4mm Wantage Tramway - Matthews Tram Engine (EM)

Discussion in 'EM/S4 & S scale' started by chrisb, 25 December 2016.

  1. chrisb

    chrisb Western Thunderer

    I was recently asked to undertake a commission to build the Wantage Tramway's Matthews tram engine. To be honest, I'm not much of an engineer and would more happily spend my time working on the scenic side of things but a quick bit of research revealed Worsley Works produces a very inexpensive etched kit in 4mm scale for the tram engine body and, given the presence of side skirts on the prototype, I realised I wouldn't need to perform any scratchbuilding heroics to create the chassis.

    So I accepted the commission only to subsequently discover the customer expected the chassis to be built as close to the prototype as possible.

    Well then, after a large intake of breath, here goes...

  2. Obblygobbly

    Obblygobbly Active Member

    Good luck with the build. I will follow this with interest.

    I would love to know where you could find enough information on such a rare loco to make an accurate model. Apart from the chassis, there must be quite a lot visible through those windows.

    At least there is some info about Hughes tram locos to help guess what No4 may have been like in detail, but No 6 was a one-off, I believe.
    David Varley likes this.
  3. Overseer

    Overseer Western Thunderer

    There are quite a few photos of No 6 as it lay around for many years. I am in Myanmar at the moment so don't have access to info but from memory it was an outside framed 2-2-0 with near circular outside cranks. Hardly seems worth building it all when it will never be seen, especially in 4mm. But good luck and I will be interested to see progress.
  4. chrisb

    chrisb Western Thunderer

    Thankfully (and no doubt how the customer knew so much about the tram engine) there is an excellent article written by Jack Meacher in issue No. 36 of Railway Archive which provided me with the basic dimensions and arrangement of the 2-2-0 chassis.

    Wagonman and AJC like this.
  5. chrisb

    chrisb Western Thunderer

    Being a 2-2-0, the chassis is relatively straightforward and I felt I could put it together fairly easily using available parts and spares - except for the odd-sized disc cranks (the purpose of the smaller crank on the leading axle is a bit of a mystery.)

    Manufacturing these cranks is something well beyond my skillset (not to mention my toolkit), but thankfully Steve Cook kindly came to my rescue and agreed to make the cranks for me:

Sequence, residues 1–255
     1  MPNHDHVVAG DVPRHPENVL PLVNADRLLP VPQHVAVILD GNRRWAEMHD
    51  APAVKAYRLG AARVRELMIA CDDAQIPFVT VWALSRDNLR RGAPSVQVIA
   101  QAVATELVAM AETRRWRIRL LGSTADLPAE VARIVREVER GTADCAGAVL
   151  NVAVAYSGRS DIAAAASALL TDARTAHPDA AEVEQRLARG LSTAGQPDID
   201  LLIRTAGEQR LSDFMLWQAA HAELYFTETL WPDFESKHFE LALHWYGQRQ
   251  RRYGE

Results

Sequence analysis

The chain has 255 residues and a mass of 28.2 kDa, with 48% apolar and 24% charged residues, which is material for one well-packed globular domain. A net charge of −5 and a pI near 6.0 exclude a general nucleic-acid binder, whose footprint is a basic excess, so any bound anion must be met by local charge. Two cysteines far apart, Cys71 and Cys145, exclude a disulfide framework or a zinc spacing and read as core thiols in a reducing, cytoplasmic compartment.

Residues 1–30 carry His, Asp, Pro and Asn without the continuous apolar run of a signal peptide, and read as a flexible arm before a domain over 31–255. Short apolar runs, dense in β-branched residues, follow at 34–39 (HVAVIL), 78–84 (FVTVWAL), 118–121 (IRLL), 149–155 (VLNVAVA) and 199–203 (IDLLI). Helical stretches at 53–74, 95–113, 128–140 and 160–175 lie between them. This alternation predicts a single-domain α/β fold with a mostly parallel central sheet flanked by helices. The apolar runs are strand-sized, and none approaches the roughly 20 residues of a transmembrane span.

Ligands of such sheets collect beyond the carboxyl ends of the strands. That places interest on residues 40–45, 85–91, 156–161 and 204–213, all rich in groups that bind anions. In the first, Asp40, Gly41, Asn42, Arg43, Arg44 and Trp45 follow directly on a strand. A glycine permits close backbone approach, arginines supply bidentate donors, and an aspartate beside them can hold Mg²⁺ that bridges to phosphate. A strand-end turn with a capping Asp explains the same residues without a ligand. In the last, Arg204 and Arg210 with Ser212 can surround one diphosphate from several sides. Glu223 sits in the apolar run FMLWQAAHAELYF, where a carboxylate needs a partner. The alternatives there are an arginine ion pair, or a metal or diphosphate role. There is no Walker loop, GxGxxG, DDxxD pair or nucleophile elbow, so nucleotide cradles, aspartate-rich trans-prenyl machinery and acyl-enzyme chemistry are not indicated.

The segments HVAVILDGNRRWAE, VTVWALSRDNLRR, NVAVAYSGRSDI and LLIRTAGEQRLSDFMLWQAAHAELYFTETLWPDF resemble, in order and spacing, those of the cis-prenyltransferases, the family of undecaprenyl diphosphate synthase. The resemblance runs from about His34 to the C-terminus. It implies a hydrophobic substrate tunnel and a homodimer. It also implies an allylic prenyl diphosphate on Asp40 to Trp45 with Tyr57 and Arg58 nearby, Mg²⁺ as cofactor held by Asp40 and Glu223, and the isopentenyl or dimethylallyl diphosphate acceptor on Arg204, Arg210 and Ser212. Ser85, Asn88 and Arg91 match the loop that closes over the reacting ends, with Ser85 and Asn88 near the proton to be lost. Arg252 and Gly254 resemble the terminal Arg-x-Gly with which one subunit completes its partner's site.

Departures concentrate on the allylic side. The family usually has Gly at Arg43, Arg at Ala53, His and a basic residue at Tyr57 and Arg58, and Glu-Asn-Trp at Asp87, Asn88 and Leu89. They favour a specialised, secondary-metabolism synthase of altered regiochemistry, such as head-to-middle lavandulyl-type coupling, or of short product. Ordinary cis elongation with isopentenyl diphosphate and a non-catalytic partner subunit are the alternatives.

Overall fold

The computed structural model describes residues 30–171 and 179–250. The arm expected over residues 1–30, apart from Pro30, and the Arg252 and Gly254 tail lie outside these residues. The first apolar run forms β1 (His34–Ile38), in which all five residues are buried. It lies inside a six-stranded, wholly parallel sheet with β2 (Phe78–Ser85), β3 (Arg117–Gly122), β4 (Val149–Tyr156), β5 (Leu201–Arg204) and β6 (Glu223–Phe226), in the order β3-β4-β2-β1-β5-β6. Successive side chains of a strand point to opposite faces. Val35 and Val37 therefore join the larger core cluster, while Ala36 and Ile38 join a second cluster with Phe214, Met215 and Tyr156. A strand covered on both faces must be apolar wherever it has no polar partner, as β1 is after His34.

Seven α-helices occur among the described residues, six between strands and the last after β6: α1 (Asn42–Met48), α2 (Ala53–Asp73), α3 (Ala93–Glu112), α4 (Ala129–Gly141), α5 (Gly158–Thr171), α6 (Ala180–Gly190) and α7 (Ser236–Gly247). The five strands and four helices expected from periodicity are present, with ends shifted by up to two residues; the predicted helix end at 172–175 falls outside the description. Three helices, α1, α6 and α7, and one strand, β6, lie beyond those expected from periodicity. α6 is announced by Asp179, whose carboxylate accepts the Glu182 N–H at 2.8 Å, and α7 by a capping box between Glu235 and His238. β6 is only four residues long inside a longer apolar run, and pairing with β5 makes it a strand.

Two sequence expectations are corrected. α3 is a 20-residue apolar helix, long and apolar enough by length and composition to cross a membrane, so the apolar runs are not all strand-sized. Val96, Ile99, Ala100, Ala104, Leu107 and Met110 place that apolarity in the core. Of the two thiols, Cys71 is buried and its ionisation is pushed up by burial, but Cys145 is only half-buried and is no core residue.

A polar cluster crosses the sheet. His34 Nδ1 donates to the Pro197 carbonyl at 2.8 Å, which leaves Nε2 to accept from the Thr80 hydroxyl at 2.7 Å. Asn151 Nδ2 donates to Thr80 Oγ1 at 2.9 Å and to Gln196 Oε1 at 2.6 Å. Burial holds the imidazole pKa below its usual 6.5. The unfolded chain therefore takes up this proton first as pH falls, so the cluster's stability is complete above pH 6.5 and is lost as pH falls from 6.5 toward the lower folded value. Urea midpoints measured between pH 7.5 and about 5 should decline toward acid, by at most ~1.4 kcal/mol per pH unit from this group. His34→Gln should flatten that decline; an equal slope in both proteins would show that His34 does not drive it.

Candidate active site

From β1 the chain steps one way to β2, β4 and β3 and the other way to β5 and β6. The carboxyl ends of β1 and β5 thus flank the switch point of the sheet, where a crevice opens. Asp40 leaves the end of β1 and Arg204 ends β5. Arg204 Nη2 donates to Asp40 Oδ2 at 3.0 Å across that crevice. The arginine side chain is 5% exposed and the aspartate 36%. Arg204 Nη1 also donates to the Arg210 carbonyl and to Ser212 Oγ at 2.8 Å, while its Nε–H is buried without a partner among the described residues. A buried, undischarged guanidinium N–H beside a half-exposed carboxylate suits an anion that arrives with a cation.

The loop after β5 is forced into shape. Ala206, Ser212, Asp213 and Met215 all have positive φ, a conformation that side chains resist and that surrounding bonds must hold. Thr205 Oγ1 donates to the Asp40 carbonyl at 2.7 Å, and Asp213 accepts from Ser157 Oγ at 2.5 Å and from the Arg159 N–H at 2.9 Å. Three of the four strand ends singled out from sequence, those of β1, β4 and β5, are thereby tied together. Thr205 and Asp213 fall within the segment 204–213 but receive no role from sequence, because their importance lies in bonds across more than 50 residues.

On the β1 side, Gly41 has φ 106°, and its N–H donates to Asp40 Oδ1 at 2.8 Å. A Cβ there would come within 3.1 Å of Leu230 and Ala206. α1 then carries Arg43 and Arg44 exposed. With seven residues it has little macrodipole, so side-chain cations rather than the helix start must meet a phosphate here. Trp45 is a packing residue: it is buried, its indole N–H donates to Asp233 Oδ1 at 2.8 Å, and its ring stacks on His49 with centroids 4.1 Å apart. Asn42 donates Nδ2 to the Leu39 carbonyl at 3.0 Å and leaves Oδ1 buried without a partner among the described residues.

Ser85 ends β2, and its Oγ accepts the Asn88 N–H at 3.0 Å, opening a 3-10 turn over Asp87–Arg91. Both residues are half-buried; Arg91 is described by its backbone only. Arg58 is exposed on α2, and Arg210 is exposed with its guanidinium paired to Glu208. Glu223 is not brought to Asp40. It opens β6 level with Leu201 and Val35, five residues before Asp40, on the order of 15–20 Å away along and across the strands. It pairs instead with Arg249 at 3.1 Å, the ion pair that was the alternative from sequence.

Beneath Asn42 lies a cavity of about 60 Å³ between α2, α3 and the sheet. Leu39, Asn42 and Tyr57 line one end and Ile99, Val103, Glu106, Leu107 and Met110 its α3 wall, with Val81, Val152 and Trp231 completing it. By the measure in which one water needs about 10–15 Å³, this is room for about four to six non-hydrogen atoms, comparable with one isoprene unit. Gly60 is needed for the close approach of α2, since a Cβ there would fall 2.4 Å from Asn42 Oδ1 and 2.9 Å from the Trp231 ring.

AJC likes this.
  6. adrian

    adrian Flying Squad

    Sorry I'm not quite following this - if it's a 2-2-0 what is the purpose of the crank on the front axle at all i.e. irrespective of size. I presume it's inside valve gear as it seems that the valve rod/radius arm is curved over the front axle.
  7. Scale7JB

    Scale7JB Western Thunderer

    It probably is the valve/connecting rods.

    It's definitely a concept used on a number of engines. On some the rods will have a complete loop passing both over and under the leading axle.

  8. adrian

    adrian Flying Squad

    I have seen it before with the rods passing under and over the leading axle so that's not a problem - it's the crank on the leading axle that is puzzling me as to it's purpose.
  9. Scale7JB

    Scale7JB Western Thunderer

    It could be some kind of a water pump? Can't think of the technical term for it at the moment, but traction engines have similar on the main crank.

  10. chrisb

    chrisb Western Thunderer

    Jack Meacher admits (in the article mentioned above) that it's all a bit of a mystery - "The purpose of this is a puzzle...Perhaps there was some (unseen) constraint as to why...".

    If you're really interested there's a lot of information in the article but basically the Matthews patent documents show a more conventional 0-4-0 arrangement with equal-sized disk cranks on both axles whereas photographic evidence (specifically H. C. Casserley's print No. 6596) shows a mechanism that was anything but conventional - the wheels were inside the frames with the cylinders, valve gear and steam chests outside the frames. The radius rod that you mention can be seen in Casserley's print curving over the front axle outside the frames and it appears to be manufactured from flat plate.
  11. adrian

    adrian Flying Squad

    I thought that axle pumps were more commonly driven by an eccentric rather than a crank drive, also I would expect that they would be driven from a powered axle. If it's a 2-2-0 then the front axle is not powered so I'm surprised that anything would be driven from it.
    The only thing I can think is that it was originally built as a 0-4-0 but for what ever reason the coupling rods were removed to make it a 2-2-0.
    Isambarduk likes this.
  12. Obblygobbly

    Obblygobbly Active Member

    Could it have been just some kind of retaining device for the axle?
  13. Scale7JB

    Scale7JB Western Thunderer

    Are we definitely sure it isn't just a bearing that's being shown? It's not particularly clear I know..

  14. Stevesopwith

    Stevesopwith Western Thunderer

    The 1879 Matthews Patent drawing, in Vol 1 of David Gladwin's 'History of the British Steam Tram', includes a plan, as well as the side view used to produce the drawing above.